Healthcare professionals and residents are being urged to make a pledge to become an Antibiotic Guardian – and in doing so help ensure that life saving medicines can remain effective for longer.

This is World Antibiotic Awareness Week, highlighting the fact that antibiotics are a precious resource which should only be used when prescribed by a certified health professional.

By making a pledge at Become an Antibiotic Guardian, healthcare professionals and residents can help slow resistance to antibiotics, one of the biggest threats facing the world today.

Councillor Jasbir Jaspal, the City of Wolverhampton Council’s Cabinet Member for Public Health and Wellbeing, said: "Without effective antibiotics many routine treatments will become increasingly dangerous. 

“To slow resistance to antibiotics, we need to cut the unnecessary use of them – and so we are calling on healthcare professionals and the general public to become Antibiotic Guardians by making a simple pledge about how you’ll make better use of antibiotics which will help stop these vital medicines from becoming obsolete.

"It's really important that people use antibiotics in the right way – the right drug, at the right dose, at the right time for the right duration. They should be taken as prescribed, never saved later or shared with others, nor should they be taken for mild infections when you don’t need to.”

For more details about World Antibiotic Awareness, and to make a pledge to become an Antibiotic Guardian, please visit Become an Antibiotic Guardian

Meanwhile, people are being urged to hand in their old or unused antibiotics to their local pharmacy for safe disposal.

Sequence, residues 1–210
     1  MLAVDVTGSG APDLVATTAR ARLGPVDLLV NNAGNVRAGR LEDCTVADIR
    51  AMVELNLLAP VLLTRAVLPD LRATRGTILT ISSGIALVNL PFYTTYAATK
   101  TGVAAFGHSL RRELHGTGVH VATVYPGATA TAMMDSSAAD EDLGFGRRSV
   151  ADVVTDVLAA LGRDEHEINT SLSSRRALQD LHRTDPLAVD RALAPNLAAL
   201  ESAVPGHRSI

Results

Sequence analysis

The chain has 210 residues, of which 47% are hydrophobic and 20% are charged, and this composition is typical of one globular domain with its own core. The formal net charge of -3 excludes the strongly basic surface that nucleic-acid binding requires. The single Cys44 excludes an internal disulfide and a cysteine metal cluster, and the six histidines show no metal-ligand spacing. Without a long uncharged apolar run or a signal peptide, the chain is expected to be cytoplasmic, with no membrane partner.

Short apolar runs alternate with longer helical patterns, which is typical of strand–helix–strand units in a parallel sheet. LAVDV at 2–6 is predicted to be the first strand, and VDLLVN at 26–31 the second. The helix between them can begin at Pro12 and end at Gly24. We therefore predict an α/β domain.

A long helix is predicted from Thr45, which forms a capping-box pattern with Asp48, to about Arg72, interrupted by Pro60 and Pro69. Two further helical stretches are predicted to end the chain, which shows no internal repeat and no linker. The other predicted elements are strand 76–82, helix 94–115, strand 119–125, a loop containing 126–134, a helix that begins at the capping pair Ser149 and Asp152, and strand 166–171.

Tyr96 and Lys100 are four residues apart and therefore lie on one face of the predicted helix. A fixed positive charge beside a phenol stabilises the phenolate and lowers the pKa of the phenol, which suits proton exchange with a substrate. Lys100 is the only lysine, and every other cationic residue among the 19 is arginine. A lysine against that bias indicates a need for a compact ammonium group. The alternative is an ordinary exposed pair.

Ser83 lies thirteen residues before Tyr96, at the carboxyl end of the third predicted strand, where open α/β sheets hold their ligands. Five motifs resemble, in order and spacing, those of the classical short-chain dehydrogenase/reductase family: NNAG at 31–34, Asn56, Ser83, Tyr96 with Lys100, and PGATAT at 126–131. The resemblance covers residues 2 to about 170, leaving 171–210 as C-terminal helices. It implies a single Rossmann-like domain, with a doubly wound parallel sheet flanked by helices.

Donna Cooper, Antimicrobial Workstream Lead for NHS Black Country Integrated Care Board, said: “World Antimicrobial Awareness Week is a great opportunity for us to highlight the importance of using antibiotics correctly. Antibiotics aren’t a cure for all illnesses – they don’t work against viral infections such as colds or flu, while many mild bacterial infections get better on their own.

“Using them inappropriately increases the risk of antimicrobial resistance, where the antibiotics become less effective as the bugs learn to protect themselves against them. That’s why it’s important that people only ever take antibiotics that have been prescribed to them and they finish the course unless instructed by a healthcare professional. Antibiotics should never be saved to be used later, and never given to someone else.

“We all have to do our best to preserve the benefits of existing and future antibiotics, which is why we’re urging anyone who has any old or unused antibiotics at home to please drop them off at their local pharmacy who will dispose of them safely.”

The theme of this year's World Antibiotic Awareness Week is 'preventing antimicrobial resistance together', and calls on collaboration across sectors to preserve the efficacy of these critical medicines.